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AU - O'Connor, Sean

AU - Morzorati, Sandra

AU - Christian, J. C.

AU - Li, T. K.

PY - 1994

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N2 - Baseline auditory ERP data from a larger study of the genetic determinants of the response to alcohol were collected from 59 monozygotic (MZ) twin pairs and from 39 same-sex dizygotic (DZ) twin pairs who drank socially. Three methods for measuring genetic influence on the ERPs were applied. First, based on maximum-likelihood estimates, the heritability of conventional peak amplitude and latency of N1 and P3 components was computed for each of 16 lead locations using tests of the significance of heritability based on intraclass correlations. P3 amplitude provided the strongest results, distributed symmetrically over caudal leads, and implied gene dominance as the mode of genetic transmission for the P3 component. A substantial genetic influence on N1 latency suggested a mixture of additive and dominance effects in the left fronto-temporal region. N1 amplitude measures trended towards significant heritability, but none was observed for P3 latency. The second method used the maximum of the cross-correlation function to compare wave form shape in a lead-by-lead analysis of data from cotwins. Genetic influence was apparent in both target and non-target ERP responses, with a fronto-central topography of significant results. The third method reduced all spatial and temporal ERP differences from a pair of twins to a single scalar number for each response. Distributions of this global measure revealed significant genetic influence on both non-target and target ERPs. A post hoc analysis of the effect of gender on the heritability of N1 or P3 peaks and latencies revealed no statistically significant observations in this sample of young adult twins.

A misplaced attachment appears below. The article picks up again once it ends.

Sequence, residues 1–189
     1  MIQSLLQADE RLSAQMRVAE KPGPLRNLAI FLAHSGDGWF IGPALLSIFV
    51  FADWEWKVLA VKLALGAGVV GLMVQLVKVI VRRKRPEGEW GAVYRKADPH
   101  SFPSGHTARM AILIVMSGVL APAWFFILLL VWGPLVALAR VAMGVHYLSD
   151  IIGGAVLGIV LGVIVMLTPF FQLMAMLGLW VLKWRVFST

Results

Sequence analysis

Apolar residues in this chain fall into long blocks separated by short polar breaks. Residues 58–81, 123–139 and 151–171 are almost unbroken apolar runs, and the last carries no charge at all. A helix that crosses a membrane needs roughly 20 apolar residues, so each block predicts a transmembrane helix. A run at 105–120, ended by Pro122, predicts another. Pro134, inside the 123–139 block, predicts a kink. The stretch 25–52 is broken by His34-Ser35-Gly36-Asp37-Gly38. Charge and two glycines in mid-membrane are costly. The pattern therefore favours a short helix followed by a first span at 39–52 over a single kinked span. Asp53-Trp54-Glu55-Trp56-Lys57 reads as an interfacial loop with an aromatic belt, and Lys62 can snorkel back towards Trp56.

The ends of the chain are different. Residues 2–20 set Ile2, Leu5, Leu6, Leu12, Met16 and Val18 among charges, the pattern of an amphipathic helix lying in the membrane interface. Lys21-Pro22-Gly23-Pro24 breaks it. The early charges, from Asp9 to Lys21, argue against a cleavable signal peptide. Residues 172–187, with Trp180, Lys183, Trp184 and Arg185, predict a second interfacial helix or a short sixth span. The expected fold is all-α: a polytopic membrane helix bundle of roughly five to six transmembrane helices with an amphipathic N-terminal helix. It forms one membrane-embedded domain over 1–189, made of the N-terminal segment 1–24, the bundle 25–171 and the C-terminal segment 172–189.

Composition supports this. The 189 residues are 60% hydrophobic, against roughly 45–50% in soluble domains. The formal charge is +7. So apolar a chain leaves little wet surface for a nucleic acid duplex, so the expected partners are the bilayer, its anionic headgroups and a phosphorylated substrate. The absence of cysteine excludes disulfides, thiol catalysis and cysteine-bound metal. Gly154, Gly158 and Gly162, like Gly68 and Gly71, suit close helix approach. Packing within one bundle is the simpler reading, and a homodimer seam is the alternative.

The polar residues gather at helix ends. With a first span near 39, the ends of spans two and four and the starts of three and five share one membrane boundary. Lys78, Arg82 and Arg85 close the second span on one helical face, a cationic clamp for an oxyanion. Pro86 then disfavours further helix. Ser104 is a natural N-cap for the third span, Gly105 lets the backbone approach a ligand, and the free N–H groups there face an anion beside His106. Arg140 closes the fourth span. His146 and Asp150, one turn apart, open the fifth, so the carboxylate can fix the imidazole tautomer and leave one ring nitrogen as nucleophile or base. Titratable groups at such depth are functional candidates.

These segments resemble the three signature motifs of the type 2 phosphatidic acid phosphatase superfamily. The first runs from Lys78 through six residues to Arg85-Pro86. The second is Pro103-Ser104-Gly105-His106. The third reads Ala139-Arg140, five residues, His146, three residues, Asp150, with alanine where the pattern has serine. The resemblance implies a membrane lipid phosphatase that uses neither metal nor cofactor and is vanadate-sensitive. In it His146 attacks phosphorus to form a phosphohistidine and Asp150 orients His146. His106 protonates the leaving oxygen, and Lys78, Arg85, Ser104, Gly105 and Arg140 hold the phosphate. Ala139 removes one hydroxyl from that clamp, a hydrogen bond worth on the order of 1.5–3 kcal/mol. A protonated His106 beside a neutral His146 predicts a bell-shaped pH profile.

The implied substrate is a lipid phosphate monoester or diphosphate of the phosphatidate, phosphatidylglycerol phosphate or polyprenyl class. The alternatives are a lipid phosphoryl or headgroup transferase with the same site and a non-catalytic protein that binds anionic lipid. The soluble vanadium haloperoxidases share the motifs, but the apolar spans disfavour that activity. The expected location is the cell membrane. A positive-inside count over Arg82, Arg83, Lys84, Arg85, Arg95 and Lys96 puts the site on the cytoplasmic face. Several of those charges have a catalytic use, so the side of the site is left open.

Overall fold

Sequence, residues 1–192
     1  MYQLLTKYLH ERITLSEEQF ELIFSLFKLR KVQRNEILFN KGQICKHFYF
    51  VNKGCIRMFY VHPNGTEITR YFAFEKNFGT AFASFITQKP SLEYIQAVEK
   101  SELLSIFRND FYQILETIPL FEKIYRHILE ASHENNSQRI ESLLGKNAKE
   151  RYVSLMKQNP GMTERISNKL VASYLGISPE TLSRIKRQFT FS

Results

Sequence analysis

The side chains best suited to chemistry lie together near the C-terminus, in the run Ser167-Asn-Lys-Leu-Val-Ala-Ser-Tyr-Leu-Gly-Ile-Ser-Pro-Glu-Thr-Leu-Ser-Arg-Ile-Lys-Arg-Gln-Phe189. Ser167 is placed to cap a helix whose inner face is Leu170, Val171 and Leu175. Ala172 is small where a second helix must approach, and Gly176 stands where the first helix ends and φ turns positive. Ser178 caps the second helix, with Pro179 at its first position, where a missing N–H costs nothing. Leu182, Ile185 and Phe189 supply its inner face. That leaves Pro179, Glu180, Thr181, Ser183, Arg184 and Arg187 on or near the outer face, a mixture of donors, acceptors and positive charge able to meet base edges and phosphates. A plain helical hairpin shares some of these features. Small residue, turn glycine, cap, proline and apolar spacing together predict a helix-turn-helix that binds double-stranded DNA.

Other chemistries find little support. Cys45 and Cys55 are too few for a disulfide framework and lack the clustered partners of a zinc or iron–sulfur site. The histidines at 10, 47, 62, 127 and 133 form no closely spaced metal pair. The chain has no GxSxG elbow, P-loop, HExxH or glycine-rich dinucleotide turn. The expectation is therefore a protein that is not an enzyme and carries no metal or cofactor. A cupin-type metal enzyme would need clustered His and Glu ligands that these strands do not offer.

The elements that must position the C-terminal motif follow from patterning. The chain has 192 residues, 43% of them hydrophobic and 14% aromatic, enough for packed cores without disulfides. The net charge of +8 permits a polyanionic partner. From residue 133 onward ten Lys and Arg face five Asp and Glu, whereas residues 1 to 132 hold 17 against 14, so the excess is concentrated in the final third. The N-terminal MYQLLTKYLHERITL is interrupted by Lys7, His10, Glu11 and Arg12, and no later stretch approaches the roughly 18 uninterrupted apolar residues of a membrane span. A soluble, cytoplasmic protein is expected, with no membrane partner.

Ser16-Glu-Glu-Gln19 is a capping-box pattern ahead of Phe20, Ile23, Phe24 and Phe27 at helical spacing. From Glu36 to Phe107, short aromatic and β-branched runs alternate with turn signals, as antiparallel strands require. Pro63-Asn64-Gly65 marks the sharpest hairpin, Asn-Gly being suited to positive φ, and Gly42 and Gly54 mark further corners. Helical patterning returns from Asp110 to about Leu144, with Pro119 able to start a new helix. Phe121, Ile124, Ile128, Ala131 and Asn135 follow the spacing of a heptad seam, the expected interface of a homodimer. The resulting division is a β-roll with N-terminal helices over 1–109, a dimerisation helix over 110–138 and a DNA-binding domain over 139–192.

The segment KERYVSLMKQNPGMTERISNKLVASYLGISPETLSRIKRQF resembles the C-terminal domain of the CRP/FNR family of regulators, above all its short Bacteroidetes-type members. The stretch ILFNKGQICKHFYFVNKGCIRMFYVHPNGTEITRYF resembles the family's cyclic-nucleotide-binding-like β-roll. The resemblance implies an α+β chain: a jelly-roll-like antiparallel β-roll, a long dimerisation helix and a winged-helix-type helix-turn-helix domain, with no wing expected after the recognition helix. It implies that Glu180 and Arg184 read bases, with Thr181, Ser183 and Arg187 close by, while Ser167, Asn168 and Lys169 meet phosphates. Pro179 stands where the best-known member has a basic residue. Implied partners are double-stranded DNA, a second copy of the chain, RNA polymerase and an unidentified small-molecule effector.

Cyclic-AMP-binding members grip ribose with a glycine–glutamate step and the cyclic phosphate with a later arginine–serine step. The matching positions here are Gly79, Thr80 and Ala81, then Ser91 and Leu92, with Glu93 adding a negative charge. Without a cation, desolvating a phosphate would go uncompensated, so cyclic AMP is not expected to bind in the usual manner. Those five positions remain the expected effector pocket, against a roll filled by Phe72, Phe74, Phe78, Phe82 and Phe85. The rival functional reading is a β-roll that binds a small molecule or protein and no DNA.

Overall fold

AB - Baseline auditory ERP data from a larger study of the genetic determinants of the response to alcohol were collected from 59 monozygotic (MZ) twin pairs and from 39 same-sex dizygotic (DZ) twin pairs who drank socially. Three methods for measuring genetic influence on the ERPs were applied. First, based on maximum-likelihood estimates, the heritability of conventional peak amplitude and latency of N1 and P3 components was computed for each of 16 lead locations using tests of the significance of heritability based on intraclass correlations. P3 amplitude provided the strongest results, distributed symmetrically over caudal leads, and implied gene dominance as the mode of genetic transmission for the P3 component. A substantial genetic influence on N1 latency suggested a mixture of additive and dominance effects in the left fronto-temporal region. N1 amplitude measures trended towards significant heritability, but none was observed for P3 latency. The second method used the maximum of the cross-correlation function to compare wave form shape in a lead-by-lead analysis of data from cotwins. Genetic influence was apparent in both target and non-target ERP responses, with a fronto-central topography of significant results. The third method reduced all spatial and temporal ERP differences from a pair of twins to a single scalar number for each response. Distributions of this global measure revealed significant genetic influence on both non-target and target ERPs. A post hoc analysis of the effect of gender on the heritability of N1 or P3 peaks and latencies revealed no statistically significant observations in this sample of young adult twins.